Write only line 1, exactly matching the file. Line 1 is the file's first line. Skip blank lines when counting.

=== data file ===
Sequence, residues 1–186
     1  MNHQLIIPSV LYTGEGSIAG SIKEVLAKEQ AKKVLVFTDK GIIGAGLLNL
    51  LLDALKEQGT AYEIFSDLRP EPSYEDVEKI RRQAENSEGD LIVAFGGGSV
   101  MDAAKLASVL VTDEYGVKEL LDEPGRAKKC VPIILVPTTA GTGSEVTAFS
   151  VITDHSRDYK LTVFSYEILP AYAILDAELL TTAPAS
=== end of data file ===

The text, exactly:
Sequence, residues 1–186